The Bible – Old Testament
1 In the beginning of the reign of Jehoiakim, son of Josiah, king of Judah, this message came from the LORD:
Thus says the LORD: Stand in the court of the house of the LORD and speak to the people of all the cities of Judah who come to worship in the house of the LORD; whatever I command you, tell them, and omit nothing.
Perhaps they will listen and turn back, each from his evil way, so that I may repent of the evil I have planned to inflict upon them for their evil deeds.
Say to them: Thus says the LORD: If you disobey me, not living according to the law I placed before you
and not listening to the words of my servants the prophets, whom I send you constantly though you do not obey them,
I will treat this house like Shiloh, and make this the city which all the nations of the earth shall refer to when cursing another.
Now the priests, the prophets, and all the people heard Jeremiah speak these words in the house of the LORD.
When Jeremiah finished speaking all that the LORD bade him speak to all the people, the priests and prophets laid hold of him, crying, “You must be put to death!
Why do you prophesy in the name of the LORD: ‘This house shall be like Shiloh,’ and ‘This city shall be desolate and deserted’?” And all the people gathered about Jeremiah in the house of the LORD.
When the princes of Judah were informed of these things, they came up from the king’s palace to the house of the LORD and held court at the New Gate of the house of the LORD.
The priests and prophets said to the princes and to all the people, “This man deserves death; he has prophesied against this city, as you have heard with your own ears.”
Jeremiah gave this answer to the princes and all the people: “It was the LORD who sent me to prophesy against this house and city all that you have heard.
Now, therefore, reform your ways and your deeds; listen to the voice of the LORD your God, so that the LORD will repent of the evil with which he threatens you.
As for me, I am in your hands; do with me what you think good and right.
But mark well: if you put me to death, it is innocent blood you bring on yourselves, on this city and its citizens. For in truth it was the LORD who sent me to you, to speak all these things for you to hear.”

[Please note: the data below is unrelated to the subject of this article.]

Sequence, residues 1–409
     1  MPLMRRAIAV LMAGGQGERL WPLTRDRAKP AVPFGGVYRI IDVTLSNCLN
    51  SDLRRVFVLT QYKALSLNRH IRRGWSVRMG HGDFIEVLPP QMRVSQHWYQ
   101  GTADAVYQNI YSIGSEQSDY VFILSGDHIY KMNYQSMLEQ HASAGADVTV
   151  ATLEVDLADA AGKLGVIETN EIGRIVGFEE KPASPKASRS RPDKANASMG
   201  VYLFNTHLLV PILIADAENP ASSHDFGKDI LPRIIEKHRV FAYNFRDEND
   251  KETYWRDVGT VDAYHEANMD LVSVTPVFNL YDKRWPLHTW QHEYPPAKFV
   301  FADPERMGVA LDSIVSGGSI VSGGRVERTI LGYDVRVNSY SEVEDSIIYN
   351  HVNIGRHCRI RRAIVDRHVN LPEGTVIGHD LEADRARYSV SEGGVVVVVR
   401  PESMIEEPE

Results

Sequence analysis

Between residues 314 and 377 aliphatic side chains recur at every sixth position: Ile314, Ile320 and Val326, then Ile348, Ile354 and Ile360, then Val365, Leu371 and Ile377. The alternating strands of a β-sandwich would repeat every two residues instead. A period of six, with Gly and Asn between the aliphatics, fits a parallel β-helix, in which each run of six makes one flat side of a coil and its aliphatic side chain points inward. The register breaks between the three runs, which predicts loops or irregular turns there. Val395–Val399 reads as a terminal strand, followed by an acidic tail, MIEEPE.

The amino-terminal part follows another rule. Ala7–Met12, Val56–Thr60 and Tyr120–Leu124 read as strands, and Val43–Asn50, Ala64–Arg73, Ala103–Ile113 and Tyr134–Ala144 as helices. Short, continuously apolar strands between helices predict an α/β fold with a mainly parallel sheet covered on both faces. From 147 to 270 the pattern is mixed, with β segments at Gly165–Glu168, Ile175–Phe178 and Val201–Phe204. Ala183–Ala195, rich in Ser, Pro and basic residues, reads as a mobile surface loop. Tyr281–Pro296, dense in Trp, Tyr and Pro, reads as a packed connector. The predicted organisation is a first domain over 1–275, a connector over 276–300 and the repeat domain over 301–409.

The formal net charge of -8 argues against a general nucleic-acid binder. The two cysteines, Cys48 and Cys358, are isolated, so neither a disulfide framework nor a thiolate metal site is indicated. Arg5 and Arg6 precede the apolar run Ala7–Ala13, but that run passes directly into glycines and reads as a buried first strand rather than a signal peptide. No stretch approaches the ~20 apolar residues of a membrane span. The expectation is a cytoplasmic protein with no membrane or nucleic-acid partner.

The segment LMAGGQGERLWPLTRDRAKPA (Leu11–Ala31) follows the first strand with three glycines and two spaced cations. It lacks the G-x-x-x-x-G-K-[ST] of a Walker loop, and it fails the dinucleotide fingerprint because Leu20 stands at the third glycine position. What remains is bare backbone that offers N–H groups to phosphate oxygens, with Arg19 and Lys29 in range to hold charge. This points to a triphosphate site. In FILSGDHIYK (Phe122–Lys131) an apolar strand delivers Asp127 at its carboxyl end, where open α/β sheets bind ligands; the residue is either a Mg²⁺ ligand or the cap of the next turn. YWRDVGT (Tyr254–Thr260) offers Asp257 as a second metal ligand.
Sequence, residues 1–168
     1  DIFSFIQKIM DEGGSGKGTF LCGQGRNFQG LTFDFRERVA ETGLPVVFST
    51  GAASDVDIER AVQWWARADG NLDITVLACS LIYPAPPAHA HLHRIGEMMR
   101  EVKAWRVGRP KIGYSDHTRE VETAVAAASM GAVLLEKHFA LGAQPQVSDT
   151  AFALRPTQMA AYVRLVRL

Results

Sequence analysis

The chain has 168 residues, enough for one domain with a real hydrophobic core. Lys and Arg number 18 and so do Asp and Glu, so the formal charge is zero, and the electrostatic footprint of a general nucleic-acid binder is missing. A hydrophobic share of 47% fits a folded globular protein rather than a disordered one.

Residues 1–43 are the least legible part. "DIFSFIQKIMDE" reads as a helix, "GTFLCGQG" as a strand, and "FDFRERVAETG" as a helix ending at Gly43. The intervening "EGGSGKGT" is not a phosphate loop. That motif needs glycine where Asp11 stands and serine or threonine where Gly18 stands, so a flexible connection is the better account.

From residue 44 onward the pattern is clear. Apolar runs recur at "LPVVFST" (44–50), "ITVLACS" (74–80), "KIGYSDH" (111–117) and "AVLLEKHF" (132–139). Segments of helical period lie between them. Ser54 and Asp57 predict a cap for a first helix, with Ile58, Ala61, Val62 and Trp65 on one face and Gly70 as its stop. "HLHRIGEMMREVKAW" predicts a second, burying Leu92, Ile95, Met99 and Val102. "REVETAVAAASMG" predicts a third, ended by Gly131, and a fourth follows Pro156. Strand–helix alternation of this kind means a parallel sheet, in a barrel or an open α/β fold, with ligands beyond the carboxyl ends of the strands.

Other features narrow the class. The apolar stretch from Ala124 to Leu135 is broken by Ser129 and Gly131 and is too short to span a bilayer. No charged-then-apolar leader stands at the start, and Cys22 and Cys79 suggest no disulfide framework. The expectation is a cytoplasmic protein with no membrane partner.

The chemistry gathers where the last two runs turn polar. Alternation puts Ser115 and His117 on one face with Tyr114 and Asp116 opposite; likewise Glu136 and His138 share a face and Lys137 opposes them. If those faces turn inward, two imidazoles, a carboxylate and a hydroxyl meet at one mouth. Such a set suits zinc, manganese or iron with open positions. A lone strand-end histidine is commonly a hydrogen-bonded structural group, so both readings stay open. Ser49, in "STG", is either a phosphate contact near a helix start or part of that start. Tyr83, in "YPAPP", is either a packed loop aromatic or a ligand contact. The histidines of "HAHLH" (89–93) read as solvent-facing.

Thereupon the princes and all the people said to the priests and the prophets, “This man does not deserve death; it is in the name of the LORD, our God, that he speaks to us.”
At this, some of the elders of the land came forward and said to all the people assembled,
2 “Micah of Moresheth used to prophesy in the days of Hezekiah, king of Judah, and he told all the people of Judah: Thus says the LORD of hosts: Zion shall become a plowed field, Jerusalem a heap of ruins, and the temple mount a forest ridge.
Did Hezekiah, king of Judah, and all Judah condemn him to death? Did they not rather fear the LORD and entreat the favor of the LORD, so that he repented of the evil with which he had threatened them? But we are on the point of committing this great evil to our own undoing.”
There was another man who prophesied in the name of the LORD, Uriah, son of Shemaiah, from Kiriath-jearim; he prophesied the same things against this city and land as Jeremiah did.
When King Jehoiakim and all his officers and princes were informed of his words, the king sought to kill him. But Uriah heard of it and fled in fear to Egypt.
Thereupon King Jehoiakim sent Elnathan, son of Achbor, and others with him into Egypt
to bring Uriah back to the king, who had him slain by the sword and his corpse cast into the common grave.
3 But Ahikam, son of Shaphan, protected Jeremiah, so that he was not handed over to the people to be put to death.
1  The beginning of the reign: a technical expression for the time between a king’s accession to the throne and the beginning of his first official (calendar) year as king. Jehoiakim’s first regnal year was 608 B.C.
2  Micah of Moresheth: the prophet Micah, who appears among the canonical minor prophets (cf ⇒ Micah 1:1).
3  Ahikam, son of Shaphan: one of Josiah’s officials (⇒ 2 Kings 22:12) and father of Gedaliah, Jeremiah’s friend, who was governor of Judah after Zedekiah’s deportation (cf ⇒ Jeremiah 39:14; ⇒ 40:5-7).